Don't be afraid to charge your friends! Often restaurateurs feel inclined to buy drinks and meals and promo and comp for their friends and family. It's not expected and it's just a plain bad idea during your first year in business.
Take all the revenue you can get your hands on and channel it directly back into your venture. And the reality is that you will promo the odd desserts or drink order, but do it with discrimination.
When new owners go over the top it's easy to accumulate ridiculous costs and lost revenue. Don’t steal from yourself. Get profitable and stable before throwing around the profits like a heavyweight. Remember your not a big-shot......yet.
“If anything is good for pounding humility into you permanently it's the restaurant business.” Anthony Bourdain.
Mistake #4 - Throwing your money away on outdated advertising
The restaurant business has changed drastically in the last 10 years, thanks largely to the internet. The way we bring in customers through advertising is not the way we did it just a few years ago.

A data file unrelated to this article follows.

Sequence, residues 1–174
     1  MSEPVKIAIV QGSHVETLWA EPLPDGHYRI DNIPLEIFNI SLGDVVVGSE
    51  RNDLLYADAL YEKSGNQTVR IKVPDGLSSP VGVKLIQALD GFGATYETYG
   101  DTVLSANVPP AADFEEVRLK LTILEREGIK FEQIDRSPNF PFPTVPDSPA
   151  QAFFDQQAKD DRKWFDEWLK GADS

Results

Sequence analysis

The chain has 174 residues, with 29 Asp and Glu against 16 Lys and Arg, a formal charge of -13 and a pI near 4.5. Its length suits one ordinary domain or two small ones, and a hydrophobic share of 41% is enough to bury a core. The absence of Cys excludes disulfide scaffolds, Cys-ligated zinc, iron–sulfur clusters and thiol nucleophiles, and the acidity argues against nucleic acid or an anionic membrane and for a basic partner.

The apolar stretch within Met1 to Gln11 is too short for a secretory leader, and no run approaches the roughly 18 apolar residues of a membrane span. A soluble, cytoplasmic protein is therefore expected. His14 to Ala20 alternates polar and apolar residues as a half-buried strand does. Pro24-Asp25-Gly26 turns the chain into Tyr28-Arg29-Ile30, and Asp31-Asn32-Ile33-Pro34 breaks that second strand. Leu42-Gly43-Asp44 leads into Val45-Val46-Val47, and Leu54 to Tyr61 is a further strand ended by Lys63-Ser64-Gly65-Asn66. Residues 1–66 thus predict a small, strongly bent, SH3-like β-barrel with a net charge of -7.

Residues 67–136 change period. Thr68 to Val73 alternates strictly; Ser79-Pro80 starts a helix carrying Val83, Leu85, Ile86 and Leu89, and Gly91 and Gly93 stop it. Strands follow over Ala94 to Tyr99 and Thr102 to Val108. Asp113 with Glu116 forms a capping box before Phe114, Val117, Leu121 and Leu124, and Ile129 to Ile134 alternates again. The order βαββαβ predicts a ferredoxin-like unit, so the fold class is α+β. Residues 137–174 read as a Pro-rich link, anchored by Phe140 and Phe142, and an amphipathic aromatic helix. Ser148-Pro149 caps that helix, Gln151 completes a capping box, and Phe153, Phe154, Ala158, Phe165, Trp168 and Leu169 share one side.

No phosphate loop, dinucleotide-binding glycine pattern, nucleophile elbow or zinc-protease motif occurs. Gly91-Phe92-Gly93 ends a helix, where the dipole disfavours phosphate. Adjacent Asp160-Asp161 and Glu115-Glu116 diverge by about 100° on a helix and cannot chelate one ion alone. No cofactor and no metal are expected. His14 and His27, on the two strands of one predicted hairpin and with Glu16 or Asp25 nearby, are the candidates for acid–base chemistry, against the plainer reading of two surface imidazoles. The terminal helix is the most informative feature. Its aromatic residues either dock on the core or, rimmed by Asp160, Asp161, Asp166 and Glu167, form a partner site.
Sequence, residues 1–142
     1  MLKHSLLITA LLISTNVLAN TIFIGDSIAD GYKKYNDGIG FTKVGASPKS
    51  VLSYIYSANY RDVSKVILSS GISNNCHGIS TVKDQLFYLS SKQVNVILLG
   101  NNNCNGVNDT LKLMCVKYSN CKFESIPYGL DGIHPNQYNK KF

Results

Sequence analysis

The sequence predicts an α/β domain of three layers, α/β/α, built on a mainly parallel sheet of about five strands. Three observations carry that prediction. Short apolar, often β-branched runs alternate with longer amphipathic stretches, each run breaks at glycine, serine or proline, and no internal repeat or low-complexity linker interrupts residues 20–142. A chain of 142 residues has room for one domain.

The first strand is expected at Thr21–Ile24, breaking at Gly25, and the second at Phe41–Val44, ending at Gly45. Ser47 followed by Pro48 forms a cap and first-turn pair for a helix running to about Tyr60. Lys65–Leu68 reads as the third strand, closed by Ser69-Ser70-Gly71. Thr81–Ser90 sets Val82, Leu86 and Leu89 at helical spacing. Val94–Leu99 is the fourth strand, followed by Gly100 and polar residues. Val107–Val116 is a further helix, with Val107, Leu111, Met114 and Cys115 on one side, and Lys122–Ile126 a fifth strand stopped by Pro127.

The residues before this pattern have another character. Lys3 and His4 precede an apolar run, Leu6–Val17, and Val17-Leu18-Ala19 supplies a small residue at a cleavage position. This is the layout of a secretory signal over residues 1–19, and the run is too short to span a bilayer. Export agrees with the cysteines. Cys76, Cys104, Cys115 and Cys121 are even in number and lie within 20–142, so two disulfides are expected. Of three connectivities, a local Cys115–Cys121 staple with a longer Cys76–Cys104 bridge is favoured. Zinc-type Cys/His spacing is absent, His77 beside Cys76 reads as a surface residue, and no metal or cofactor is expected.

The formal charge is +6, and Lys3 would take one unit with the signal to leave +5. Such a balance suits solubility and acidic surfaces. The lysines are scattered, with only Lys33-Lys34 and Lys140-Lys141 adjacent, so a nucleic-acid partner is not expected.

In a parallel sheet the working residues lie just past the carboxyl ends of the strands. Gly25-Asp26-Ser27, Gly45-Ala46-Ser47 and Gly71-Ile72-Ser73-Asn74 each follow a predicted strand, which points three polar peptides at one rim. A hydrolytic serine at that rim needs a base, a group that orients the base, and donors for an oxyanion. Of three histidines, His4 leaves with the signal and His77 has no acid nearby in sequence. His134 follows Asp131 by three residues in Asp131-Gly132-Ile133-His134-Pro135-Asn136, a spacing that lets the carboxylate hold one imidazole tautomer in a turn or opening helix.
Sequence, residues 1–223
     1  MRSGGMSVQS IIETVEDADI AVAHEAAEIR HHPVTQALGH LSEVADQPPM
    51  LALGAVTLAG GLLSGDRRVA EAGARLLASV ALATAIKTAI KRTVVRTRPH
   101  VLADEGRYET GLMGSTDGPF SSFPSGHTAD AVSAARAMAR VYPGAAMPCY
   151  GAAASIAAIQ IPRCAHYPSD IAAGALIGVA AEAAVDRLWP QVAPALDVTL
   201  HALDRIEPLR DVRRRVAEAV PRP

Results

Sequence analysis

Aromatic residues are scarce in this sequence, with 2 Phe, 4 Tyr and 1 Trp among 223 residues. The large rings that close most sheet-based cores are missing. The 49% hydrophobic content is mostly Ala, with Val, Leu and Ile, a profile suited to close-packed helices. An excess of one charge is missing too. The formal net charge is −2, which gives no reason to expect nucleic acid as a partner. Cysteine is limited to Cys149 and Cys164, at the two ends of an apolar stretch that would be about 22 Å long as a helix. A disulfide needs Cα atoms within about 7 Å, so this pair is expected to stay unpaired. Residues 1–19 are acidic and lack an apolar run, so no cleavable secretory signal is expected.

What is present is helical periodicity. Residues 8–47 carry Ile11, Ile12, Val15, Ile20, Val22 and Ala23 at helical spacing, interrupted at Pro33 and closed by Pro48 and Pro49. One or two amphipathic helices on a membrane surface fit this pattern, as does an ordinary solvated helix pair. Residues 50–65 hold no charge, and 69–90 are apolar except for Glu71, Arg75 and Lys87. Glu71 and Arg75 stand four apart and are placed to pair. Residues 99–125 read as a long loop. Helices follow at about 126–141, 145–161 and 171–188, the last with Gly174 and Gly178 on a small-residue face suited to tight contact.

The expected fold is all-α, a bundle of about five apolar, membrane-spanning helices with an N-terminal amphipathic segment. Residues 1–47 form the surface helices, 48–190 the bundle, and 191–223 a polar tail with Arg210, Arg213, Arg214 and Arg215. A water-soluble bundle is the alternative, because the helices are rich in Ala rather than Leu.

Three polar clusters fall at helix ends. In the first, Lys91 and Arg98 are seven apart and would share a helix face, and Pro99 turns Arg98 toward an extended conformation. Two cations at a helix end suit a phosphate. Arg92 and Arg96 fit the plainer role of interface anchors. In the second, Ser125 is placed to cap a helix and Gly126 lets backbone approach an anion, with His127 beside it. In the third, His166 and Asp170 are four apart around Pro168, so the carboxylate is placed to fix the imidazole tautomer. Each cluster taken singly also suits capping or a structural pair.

The yellow pages are not what they were. Coupon books go straight in the recycling. In spite of this, ad-sales reps and sponsorship requests will turn up on your door-step even before your doors are open.
Usually in the first year, start-ups are busy by word-of-mouth and because people just plain curious and hungry. Focus on product quality, execution and keeping that customer coming back. Focus on making a profit from that customer, that's the key.